IV SIE international Congress 2021
Domenico Ricucci

Domenico Ricucci

Private Practitioner, Cetraro, Italy.
Dr. Domenico Ricucci received his degree in General Medicine from “La Sapienza” University of Rome in 1982, and his DDS from the same University in 1985. Since then on he has maintained private dental practices limited to endodontics. In addition to his private practice, Dr. Ricucci was Professor of Cariology at “Magna Graecia” University of Catanzaro, Italy in 2002 -2003. He served in the Research Committee of the European Society of Endodontology from 1999 to 2005.
Dr. Ricucci’s primary research interest relates to pulpal and periapical tissue reactions to caries and treatment procedures, biofilms in endodontic infections, etiology of RTC treatment failure, pulp regeneration/revascularization. Since 1998 he has run his own histology laboratory and has developed considerable skills in hard tissue preparations for light microscopy.
Dr Ricucci has published 106 papers and has lectured both nationally and internationally. He has authored the Textbook and Atlas “Patologia e Clinica Endodontica”, the textbook and atlas “Endodontology. An integrated biological and clinical view”, also translated into Chinese, Russian, Japanese. He has also authored or co-authored eighteen book chapters.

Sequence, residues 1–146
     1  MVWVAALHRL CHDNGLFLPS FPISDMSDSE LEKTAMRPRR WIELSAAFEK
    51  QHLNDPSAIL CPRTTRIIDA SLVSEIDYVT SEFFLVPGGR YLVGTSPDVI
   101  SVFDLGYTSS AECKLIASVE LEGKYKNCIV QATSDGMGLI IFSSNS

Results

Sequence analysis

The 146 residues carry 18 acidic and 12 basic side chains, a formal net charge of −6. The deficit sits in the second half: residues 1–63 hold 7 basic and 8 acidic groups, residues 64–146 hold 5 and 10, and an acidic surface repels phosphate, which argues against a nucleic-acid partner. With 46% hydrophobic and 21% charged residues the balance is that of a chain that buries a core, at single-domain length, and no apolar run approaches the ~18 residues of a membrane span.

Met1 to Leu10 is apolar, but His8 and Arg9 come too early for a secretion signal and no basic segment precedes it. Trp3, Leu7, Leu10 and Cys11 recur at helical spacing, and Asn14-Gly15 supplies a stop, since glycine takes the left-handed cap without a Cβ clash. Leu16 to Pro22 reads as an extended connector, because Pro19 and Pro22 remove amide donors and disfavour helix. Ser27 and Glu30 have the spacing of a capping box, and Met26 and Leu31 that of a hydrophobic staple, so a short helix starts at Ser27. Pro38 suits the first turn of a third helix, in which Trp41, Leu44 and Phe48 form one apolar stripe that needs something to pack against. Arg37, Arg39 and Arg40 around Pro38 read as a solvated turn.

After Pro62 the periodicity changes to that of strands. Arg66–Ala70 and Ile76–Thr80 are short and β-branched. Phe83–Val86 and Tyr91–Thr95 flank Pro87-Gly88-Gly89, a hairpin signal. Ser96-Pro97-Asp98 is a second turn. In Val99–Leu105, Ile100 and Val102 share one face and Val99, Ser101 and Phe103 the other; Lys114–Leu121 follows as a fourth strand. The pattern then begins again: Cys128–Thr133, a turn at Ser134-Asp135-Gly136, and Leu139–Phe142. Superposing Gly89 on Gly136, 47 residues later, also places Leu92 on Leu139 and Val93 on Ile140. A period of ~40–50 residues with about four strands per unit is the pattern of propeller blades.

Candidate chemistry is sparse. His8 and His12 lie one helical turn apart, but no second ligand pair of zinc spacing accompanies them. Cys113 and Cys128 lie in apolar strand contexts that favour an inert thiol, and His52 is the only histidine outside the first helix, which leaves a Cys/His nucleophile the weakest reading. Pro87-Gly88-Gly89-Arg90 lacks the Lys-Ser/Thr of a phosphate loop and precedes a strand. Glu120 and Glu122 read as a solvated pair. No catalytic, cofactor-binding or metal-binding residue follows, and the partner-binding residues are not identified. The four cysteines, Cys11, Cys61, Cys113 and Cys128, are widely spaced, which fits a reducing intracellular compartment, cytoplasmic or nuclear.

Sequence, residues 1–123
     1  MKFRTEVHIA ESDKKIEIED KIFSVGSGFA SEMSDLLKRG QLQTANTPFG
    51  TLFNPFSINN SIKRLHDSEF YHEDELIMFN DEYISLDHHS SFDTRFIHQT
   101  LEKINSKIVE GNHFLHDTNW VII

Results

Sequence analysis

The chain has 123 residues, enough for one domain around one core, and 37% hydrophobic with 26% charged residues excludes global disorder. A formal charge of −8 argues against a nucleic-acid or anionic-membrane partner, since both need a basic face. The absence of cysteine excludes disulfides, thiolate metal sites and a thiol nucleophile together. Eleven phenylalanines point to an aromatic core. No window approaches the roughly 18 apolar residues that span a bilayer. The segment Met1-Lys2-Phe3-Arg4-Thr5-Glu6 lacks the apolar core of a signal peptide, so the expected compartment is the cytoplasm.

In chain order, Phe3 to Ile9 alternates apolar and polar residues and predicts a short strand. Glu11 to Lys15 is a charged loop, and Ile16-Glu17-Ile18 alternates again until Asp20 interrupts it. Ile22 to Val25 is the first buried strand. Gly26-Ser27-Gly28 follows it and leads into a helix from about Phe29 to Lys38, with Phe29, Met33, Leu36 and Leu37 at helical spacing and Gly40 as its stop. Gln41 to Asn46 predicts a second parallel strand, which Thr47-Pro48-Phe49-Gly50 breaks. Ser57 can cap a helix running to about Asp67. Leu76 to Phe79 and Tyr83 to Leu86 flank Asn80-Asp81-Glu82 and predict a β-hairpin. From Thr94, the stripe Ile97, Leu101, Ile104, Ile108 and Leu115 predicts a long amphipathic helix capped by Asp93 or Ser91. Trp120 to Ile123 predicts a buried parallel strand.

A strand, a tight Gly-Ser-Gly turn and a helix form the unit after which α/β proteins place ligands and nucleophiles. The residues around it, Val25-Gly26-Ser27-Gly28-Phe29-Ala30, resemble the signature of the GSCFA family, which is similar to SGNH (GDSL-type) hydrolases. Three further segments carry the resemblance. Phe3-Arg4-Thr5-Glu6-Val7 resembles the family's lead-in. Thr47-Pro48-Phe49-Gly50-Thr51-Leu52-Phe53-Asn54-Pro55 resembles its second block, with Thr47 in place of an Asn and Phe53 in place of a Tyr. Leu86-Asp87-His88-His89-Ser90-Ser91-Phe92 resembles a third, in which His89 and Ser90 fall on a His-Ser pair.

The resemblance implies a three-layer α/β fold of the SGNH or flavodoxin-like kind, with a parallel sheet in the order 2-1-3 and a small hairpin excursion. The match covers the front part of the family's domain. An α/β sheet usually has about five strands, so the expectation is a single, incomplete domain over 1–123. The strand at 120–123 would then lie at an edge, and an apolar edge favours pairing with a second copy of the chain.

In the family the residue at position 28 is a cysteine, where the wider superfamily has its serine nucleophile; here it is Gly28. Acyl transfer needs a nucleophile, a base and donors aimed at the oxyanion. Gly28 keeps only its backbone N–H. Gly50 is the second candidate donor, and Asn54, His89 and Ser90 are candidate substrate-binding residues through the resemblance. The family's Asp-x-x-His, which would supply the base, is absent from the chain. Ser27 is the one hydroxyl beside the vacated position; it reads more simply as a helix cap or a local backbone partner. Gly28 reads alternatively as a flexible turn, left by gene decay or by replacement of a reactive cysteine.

LARGE PERIRADICULAR RADIOLUCENCIES: MICROBIOLOGIC CONDITIONS OF THE ROOT CANAL SYSTEM AND TREATMENT DIRECTIVES

Friday, 11 Nov

12.50 am

In large periradicular lesions, associated with long-standing infection of the root canal system, bacteria/bacterial biofilms are expected to have colonized to a certain extent dentinal tubules, apical ramifications, and other irregularities of the apical canal.
Within this presentation the progression of pulp degeneration and the patterns of bacterial colonization will be illustrated. It will be highlighted that bacteria may finally invade the periapical tissue and become established extraradicularly, hindering successful ortograde root canal treatment. The role of apical surgery in managing lesions that are refractory to conventional root canal treatment is discussed. Finally the non-microbial causes of root canal treatment failures are critically analysed.

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